The best levels are actually multiple lines - a trick that Mario wouldn't be able to ape for quite a while. The Green Hill Zone, for example, has numerous paths through each of its acts.
All lead from left to right, but the most entertaining of them take in different sights along the way, one spinning you over the top of a waterfall, another dropping you down behind it before shoving you right through a chunk of rock.
You're left, during early playthroughs at least, with a feeling that you're always missing something, but you're also left with a feeling that there's so much more to be discovered: that you should try the same stages again, making alternate high-speed choices, and heading to the right of the screen in a slightly different manner.
Speaking of differences, I replayed the first Sonic recently and was struck by how much the design mixes things up. Green Hill might be Sonic just as I always remember him - without the handy push-down starter boost that was only introduced later, mind - but subsequent zones offer a range of different challenges.
The Marble Zone swaps out pure speed for mazy undergrounds with blocks to push and switches to trigger, while the Labyrinth Zone opts for a little cartoon terror as, submerged, you race between one bubble of air and the next. Drowning: it's horrible.
Spring Yard, meanwhile, presents an early parody of everything Sonic would eventually become in the eyes of those who hate him: the pace of the game was wound right to the top, and control often got lost entirely, trailing behind Vegas glitz and a muddle of pinball bumpers.
Regardless of the design's flights and fancies, though, Sonic the Hedgehog offers plenty of iconic moments. There's that first, breathtaking loop-the-loop, that gloriously apt slowdown when Sonic loses his rings, and those endless boss fights against sweaty uncle Robotnik in his robustly non-aerodynamic craft.
My personal favourite, though, and the moment which really sums up the Sonic ethos for me, is whenever he picks up enough speed to carry him well off the right side of the screen. You panic, of course, because of spikes, because of pits, because of the crazy moment of blindness that's just erupted in the middle of a precision platformer.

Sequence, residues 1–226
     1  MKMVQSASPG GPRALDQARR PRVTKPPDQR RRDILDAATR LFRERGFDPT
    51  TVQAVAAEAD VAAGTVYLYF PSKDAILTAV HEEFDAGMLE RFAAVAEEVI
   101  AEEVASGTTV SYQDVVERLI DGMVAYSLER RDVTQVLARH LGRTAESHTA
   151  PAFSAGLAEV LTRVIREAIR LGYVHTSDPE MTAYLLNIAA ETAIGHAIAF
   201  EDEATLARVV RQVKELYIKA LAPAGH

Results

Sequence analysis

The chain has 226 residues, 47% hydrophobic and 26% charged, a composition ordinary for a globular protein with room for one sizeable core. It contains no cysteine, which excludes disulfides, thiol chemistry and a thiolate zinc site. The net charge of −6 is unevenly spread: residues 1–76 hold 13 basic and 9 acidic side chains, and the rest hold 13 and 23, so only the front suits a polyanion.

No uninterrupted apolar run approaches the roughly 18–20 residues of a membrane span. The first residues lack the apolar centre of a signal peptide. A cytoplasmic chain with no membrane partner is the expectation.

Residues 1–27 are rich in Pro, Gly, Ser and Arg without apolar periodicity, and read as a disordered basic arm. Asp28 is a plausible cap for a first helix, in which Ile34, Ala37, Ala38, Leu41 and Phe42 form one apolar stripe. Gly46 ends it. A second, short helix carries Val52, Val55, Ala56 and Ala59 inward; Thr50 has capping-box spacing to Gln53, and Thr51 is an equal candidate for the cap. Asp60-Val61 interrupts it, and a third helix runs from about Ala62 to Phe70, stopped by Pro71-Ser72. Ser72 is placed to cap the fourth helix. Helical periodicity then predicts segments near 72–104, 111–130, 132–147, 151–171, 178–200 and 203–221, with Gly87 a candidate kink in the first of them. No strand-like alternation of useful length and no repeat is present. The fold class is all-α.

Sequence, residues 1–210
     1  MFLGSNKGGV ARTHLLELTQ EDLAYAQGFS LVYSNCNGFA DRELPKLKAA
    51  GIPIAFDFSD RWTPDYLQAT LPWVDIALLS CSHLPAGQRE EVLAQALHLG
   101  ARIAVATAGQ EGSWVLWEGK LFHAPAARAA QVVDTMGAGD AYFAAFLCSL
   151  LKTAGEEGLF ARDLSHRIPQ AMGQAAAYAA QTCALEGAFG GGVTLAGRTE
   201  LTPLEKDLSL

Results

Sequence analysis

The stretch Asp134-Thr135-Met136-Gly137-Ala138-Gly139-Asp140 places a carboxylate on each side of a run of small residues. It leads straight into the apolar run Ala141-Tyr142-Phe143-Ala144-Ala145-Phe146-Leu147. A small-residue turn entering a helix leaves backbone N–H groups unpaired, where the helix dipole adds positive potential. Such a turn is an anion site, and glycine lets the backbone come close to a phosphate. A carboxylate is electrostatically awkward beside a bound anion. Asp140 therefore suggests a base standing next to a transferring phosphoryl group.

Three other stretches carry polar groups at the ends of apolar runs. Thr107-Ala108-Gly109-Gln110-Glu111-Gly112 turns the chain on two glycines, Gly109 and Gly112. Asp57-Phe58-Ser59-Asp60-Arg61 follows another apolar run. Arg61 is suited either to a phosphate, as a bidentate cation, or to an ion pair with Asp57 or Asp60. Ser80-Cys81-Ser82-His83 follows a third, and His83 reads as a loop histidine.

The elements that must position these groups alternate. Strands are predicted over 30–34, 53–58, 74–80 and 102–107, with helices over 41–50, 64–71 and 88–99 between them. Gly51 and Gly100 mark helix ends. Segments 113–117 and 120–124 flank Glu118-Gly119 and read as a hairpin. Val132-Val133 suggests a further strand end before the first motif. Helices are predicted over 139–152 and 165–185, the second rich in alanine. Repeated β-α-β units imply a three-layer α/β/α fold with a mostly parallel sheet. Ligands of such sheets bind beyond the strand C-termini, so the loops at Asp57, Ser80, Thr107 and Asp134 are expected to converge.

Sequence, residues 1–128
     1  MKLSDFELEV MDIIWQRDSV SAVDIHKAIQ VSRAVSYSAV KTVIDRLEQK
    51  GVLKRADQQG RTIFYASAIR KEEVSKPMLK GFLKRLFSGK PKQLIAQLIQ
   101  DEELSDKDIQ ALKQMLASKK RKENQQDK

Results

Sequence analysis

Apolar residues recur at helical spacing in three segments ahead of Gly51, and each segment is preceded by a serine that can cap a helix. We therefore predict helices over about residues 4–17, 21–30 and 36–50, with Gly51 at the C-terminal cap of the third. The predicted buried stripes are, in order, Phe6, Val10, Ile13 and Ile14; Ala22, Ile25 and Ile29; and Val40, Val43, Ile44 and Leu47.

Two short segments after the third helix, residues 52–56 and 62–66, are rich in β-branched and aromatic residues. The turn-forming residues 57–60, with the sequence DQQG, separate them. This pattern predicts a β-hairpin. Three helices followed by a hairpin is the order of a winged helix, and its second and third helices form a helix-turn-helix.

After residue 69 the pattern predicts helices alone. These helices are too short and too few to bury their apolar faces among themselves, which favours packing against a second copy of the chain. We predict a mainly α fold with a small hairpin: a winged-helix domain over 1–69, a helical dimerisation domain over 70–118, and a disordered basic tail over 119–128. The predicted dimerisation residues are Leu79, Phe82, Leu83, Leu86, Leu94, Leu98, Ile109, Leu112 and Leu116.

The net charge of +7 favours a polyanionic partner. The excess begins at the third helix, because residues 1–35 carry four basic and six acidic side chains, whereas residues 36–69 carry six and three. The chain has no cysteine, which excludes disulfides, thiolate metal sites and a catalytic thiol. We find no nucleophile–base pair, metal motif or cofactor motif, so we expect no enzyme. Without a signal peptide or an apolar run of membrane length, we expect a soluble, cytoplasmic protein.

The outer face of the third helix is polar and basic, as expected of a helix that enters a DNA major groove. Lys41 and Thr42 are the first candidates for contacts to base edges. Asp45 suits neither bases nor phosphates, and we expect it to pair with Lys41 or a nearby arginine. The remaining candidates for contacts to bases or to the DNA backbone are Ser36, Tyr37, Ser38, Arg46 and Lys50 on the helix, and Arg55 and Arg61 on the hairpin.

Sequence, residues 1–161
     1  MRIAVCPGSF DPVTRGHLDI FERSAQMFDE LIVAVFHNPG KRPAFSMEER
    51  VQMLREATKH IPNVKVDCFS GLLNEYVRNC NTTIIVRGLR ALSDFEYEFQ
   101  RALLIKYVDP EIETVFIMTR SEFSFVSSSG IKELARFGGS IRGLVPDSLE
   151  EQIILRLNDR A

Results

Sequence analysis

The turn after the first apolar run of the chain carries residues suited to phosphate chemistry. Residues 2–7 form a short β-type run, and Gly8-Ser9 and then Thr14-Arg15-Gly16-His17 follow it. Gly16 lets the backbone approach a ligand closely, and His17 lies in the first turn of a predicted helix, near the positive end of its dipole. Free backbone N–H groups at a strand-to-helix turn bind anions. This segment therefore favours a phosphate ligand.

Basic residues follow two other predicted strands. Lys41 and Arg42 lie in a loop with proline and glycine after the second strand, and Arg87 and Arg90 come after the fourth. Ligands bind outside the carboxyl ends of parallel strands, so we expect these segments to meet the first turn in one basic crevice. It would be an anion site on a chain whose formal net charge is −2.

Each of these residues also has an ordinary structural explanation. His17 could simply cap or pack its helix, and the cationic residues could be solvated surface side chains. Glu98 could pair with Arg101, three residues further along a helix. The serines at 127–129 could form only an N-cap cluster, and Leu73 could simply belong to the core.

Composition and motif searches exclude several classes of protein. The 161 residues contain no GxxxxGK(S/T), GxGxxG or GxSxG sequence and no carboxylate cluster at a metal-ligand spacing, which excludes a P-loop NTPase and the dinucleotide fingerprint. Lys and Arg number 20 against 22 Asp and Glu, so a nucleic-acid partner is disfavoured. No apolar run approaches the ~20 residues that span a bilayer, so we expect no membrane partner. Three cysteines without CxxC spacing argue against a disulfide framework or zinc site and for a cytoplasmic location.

But you feel that thrill, too: that thrill of a character so fast, so finely built for his specific adventure, that not even his own game can really hold him.
Then there's those walls you find you can ram through with a rumbling noise that appears to be coming from the very centre of the planet, brilliant chip-tunes - even if they did suggest that, somewhere, a Turkish game show contestant had just won a convertible Mazda - and the lovely, fretful business of freeing Chaos Emeralds from their spinning, shimmering, boiled-sweet Special Stages.
I may have returned to Mario as my main video game pal fairly quickly after playing through Sonic the Hedgehog, but not because Sonic couldn't show me a good time.
It was, amongst other things, because he was harder to draw, which matters if you're 11 and have schoolbooks to illustrate. I could rough out a decent Mario any day of the week, but Sonic tended to come out wrong, like an impish Fred Flintstone or - much, much worse - a cyberpunk Al Jolson in his horrible, wildly offensive make-up.
Sonic kind of blew it after a while for some of us, anyway. He struggled with 3D - although I didn't mind Adventures and Colours is actually a little bit brilliant - and even before that, his wretched, idiotic, toxic family had already started to expand.
Tails I can just about put up with, but Amy Rose, Big the Cat, and Knuckles belong buried deep in the mines of Deviantart.
Despite all that, Sonic remains the perfect example of SEGA's slick, sophisticated, early 1990s charms. He's a creature of his time, definitely, and a man of a certain moment. He's also the star of a handful of wonderful platformers, though, and an enduring icon of one of gaming's most creative rivalries.